- Artificial Intelligence: implementing intelligence-driven measures with the use of artificial intelligence (AI) can help strengthen authentication methods and reduce cyber risks. Examples such as biometric logins for multi-factor authentication (MFA) are already being used today.
- Sandbox-Evading Malware: Sandboxing is an automated technology for malware detection used in traditional antivirus programs and other security applications. This mechanism keeps running programs separated, so malware cannot run in those programs while the security software executes the malware to determine what it is.
- Cloud services: adoption of cloud-based Infrastructure-as-a-Service offerings for running business systems with sensitive data on public clouds. These services often reduce operating costs and increase an organisation’s speed in bringing new services to the market.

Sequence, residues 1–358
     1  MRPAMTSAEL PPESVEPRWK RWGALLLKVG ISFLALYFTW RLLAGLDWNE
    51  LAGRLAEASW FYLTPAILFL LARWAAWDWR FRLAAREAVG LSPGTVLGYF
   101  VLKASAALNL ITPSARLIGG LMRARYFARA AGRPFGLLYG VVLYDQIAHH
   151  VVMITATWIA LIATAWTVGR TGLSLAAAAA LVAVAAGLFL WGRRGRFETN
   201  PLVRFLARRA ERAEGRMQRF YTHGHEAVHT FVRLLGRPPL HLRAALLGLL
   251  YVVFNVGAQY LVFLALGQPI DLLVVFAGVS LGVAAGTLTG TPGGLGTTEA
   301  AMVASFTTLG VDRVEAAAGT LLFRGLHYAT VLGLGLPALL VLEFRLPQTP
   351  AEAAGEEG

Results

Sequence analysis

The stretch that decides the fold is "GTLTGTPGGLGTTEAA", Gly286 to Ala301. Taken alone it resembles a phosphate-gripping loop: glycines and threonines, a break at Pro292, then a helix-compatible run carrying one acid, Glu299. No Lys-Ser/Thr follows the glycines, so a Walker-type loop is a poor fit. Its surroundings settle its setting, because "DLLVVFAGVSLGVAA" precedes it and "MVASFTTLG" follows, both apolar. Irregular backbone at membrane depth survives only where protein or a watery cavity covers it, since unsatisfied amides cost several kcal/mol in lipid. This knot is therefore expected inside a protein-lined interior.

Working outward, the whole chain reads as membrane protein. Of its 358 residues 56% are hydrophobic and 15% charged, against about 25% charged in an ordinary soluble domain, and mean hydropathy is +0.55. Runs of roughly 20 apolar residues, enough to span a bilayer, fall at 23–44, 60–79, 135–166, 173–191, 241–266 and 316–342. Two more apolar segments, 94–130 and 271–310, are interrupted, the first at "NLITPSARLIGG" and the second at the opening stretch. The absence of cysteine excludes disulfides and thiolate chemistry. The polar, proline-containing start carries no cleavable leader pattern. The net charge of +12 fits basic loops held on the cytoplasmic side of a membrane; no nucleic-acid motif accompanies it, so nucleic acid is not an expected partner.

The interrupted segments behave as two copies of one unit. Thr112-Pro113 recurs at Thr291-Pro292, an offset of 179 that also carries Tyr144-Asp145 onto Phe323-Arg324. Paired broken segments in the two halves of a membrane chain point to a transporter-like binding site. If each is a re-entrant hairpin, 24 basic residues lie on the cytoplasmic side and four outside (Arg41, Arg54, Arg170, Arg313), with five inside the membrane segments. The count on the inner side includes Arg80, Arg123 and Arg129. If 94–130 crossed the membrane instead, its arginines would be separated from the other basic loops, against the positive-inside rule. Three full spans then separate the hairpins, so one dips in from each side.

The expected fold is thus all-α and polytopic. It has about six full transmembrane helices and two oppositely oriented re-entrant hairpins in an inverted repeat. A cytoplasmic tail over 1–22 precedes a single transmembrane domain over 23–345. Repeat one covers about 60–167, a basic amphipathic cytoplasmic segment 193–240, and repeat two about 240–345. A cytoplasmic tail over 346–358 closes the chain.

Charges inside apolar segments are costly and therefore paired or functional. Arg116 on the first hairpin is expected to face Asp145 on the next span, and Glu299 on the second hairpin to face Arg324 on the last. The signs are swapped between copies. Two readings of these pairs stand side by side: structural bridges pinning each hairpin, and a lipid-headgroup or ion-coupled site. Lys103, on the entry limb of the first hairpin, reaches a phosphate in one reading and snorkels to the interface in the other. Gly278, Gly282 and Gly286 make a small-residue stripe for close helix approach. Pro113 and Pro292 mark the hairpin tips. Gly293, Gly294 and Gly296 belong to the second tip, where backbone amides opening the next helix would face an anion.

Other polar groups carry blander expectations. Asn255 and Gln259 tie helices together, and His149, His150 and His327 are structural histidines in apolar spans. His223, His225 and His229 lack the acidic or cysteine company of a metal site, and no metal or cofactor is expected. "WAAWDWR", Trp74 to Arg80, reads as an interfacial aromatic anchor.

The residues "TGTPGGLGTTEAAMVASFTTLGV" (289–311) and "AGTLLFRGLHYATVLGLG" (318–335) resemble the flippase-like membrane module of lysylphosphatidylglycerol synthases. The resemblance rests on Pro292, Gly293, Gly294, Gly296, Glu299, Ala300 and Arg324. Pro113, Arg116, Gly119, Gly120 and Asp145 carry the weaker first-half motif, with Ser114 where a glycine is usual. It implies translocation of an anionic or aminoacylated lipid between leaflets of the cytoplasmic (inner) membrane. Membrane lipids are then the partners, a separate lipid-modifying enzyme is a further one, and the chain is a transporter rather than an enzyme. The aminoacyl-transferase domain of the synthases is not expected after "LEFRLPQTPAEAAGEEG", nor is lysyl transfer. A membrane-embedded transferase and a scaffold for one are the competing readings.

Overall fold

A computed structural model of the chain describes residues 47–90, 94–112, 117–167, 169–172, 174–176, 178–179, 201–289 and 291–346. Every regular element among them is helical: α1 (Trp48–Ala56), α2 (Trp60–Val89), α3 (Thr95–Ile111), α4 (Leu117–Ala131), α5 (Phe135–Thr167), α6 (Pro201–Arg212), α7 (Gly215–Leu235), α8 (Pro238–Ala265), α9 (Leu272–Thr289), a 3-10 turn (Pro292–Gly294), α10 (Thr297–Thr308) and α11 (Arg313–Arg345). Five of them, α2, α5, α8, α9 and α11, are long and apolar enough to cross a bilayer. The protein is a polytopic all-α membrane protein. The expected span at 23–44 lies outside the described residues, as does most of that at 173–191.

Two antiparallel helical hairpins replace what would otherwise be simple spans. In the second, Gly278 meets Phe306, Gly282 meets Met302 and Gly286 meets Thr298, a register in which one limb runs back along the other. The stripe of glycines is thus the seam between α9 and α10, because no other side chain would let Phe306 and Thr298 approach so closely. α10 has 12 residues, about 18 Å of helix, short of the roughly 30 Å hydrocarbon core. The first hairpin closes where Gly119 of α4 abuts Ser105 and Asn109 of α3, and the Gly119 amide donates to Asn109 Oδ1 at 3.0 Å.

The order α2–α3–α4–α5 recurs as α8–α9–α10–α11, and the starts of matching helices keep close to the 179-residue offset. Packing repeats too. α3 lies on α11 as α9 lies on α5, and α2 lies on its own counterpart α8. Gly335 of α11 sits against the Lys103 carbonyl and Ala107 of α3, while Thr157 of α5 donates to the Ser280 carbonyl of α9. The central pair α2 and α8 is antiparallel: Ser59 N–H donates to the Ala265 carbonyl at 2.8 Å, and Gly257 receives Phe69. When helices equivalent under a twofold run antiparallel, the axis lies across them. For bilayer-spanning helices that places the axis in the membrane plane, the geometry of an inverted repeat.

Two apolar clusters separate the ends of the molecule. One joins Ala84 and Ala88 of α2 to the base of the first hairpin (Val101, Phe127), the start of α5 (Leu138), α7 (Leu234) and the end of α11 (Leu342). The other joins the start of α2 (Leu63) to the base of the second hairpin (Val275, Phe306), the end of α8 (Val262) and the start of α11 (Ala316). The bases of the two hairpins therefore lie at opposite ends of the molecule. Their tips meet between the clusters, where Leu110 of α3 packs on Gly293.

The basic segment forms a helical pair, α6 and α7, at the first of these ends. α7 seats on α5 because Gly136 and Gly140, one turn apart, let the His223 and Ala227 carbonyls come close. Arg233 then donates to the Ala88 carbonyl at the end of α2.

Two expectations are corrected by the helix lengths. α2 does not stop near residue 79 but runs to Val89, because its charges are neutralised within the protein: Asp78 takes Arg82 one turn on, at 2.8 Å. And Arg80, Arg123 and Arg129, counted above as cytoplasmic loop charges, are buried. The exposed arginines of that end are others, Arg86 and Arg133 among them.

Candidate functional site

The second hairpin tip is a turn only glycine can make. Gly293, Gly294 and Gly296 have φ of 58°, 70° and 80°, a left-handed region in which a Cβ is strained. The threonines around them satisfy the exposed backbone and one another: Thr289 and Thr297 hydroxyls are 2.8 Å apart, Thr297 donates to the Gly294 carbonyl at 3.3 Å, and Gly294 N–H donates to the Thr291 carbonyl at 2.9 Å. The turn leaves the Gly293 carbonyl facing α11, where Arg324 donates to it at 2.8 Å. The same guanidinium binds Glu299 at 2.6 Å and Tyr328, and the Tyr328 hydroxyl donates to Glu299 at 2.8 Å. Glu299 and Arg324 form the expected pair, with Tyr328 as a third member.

- Security as a service: a business model in which a service provider integrates their security services into a corporate infrastructure on a subscription basis, which can be more cost-effective than most individuals or corporations can provide individually when total cost of ownership is considered.
Closing the Cybersecurity skills gap, the use of anticipatory measures, combined with increased automation, cloud services and AI will together help provide ways for organisations to protect themselves against potential threats. Employing these tactics will also allow them time to come up with countermeasures and responses to minimise any potential damage from the attacks which can’t be prevented. Experts agree that a combination of continually evolving protective technologies and solutions will be needed to stay one step ahead of cybercriminals in years to come.